Last night, however, it appears the White House nevertheless found jobs for the lawmakers. Politico reported:

After excluding House Republicans from his defense team, President Donald Trump announced Monday night that eight of them would serve as his personal warriors.

Republican Reps. Doug Collins (Ga.), Mike Johnson (La.), Jim Jordan (Ohio), Debbie Lesko (Ariz.), Mark Meadows (N.C.), John Ratcliffe (Texas), Elise Stefanik (N.Y.) and Lee Zeldin (N.Y.) will "serve as part of his team working to combat this hyper-partisan and baseless impeachment," according to a White House news release Monday.

The official White House announcement, introducing the eight GOP members, was a little odd. For one thing, it insisted that during the House impeachment process, the White House "was prohibited from participating in the proceedings." That's plainly false: Trump and his attorneys were invited to play a role, but they refused. That's not a prohibition on participation; it's the opposite.

For another, while many of the president's most sycophantic congressional allies were part of the new roster, House Intelligence Committee Ranking Member Devin Nunes (R-Calif.) was not included -- and his absence was notable given the intensifying questions about his possible role in the broader Ukraine scandal.

But even putting these relevant angles aside, there was a lingering question for which there was no obvious answer: what exactly are these eight House Republicans going to do? They're now part of Trump's "impeachment team," but what does that mean?

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Republican presidential nominee Donald Trump waves following a campaign rally in Toledo, Ohio, July 27, 2016. (Photo by Carlo Allegri/Reuters)

National poll: US majority wants to see Trump removed from office

01/21/20 09:20AM

As Donald Trump's impeachment trial gets underway in the Senate, a new CNN poll offers the president and his party very little in the way of encouraging news.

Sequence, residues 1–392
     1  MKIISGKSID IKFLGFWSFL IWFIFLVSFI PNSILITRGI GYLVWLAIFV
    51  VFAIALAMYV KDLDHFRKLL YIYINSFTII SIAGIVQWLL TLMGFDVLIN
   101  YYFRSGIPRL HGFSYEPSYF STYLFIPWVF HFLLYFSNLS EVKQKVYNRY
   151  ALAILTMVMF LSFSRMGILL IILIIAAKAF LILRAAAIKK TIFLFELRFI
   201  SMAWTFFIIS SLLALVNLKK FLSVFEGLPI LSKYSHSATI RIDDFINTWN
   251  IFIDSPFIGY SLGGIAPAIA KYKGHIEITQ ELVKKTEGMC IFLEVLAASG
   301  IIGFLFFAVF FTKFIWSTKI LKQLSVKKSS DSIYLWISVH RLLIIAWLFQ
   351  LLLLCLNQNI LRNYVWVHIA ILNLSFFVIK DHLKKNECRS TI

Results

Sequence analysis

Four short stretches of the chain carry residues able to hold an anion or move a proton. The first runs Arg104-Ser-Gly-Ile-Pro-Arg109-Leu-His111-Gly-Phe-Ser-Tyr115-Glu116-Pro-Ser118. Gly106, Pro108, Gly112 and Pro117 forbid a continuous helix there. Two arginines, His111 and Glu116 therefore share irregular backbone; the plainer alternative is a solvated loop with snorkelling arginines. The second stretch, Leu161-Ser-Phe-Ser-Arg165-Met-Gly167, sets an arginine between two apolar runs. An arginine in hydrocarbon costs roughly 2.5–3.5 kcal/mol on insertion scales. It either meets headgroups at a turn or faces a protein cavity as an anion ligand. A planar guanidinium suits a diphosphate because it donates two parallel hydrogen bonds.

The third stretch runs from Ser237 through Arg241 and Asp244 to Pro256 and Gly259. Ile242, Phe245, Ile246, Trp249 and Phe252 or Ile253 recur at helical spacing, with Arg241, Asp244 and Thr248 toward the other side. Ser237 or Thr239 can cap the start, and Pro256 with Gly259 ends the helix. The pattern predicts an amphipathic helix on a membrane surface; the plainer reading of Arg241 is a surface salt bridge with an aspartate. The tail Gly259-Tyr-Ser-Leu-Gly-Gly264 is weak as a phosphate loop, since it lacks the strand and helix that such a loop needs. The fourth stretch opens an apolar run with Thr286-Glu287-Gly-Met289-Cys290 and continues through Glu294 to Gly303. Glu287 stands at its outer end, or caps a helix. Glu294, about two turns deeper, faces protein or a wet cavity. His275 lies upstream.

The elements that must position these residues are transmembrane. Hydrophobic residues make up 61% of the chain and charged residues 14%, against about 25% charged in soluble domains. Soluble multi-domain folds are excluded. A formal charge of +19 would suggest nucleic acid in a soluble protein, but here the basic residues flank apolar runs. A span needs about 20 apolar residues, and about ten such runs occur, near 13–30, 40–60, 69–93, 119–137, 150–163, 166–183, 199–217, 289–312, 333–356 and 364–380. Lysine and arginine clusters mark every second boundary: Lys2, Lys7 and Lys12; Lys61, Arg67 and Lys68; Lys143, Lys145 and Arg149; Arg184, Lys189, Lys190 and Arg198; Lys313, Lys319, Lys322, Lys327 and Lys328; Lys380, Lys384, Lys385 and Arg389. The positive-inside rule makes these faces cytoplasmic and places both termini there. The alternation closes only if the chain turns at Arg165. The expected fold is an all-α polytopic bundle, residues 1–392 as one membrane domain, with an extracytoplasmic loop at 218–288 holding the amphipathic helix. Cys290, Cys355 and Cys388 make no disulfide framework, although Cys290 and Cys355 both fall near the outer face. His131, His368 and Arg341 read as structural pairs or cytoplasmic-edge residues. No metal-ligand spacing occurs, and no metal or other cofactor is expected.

About half of Americans say the Senate should vote to convict President Donald Trump and remove him from office in the upcoming impeachment trial (51%), according to a new CNN poll conducted by SSRS, while 45% say the Senate should vote against conviction and removal.

Nearly seven in 10 (69%) say that upcoming trial should feature testimony from new witnesses who did not testify in the House impeachment inquiry.

Even a plurality of Republican voters agree that the Senate should consider new information from witnesses -- a position the White House and most GOP lawmakers now oppose.

Other results add to the bleak picture for Trump: not only does the CNN poll show that a narrow majority of Americans believe the president should be removed from office, but 57% agree that Trump obstructed the House impeachment inquiry, while 58% believe he abused the powers of his office.

What's more, the picture is getting worse for the president, not better: CNN polls have been asking respondents since June 2018 whether Trump should be impeached and removed from office, and the latest 51% finding is the highest to date.

As we discussed last week, I continue to believe survey results like these represent more than just political trivia.

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Fearing Bolton's testimony, White House scrambles behind the scenes

01/21/20 08:40AM

It's not yet clear who, if anyone, senators will hear witness testimony from in Donald Trump's impeachment trial, but one name keeps coming up for a reason. Former White House National Security Adviser John Bolton has first-hand information about the president's culpability; he's volunteered to testify; and it's obvious he'd present senators with a more complete picture of what transpired in the Ukraine scandal.

All of this, evidently, is causing Trump and his allies quite a bit of anxiety.

Indeed, they're getting a little weird about it. The president tweeted yesterday, "They didn't want John Bolton and others in the House. They were in too much of a rush. Now they want them all in the Senate. Not supposed to be that way!" It was bizarre: House Democrats desperately wanted to hear from Bolton and asked him to testify. As House Intelligence Committee Chairman Adam Schiff reminded Trump, the president is the one who ordered Bolton to remain silent.

The Washington Post reported that there are related behind-the-scenes efforts underway, driven entirely by Republican fears of possible Bolton testimony.

President Trump's legal defense team and Senate GOP allies are quietly gaming out contingency plans should Democrats win enough votes to force witnesses to testify in the impeachment trial, including an effort to keep former national security adviser John Bolton from the spotlight, according to multiple officials familiar with the discussions. [...]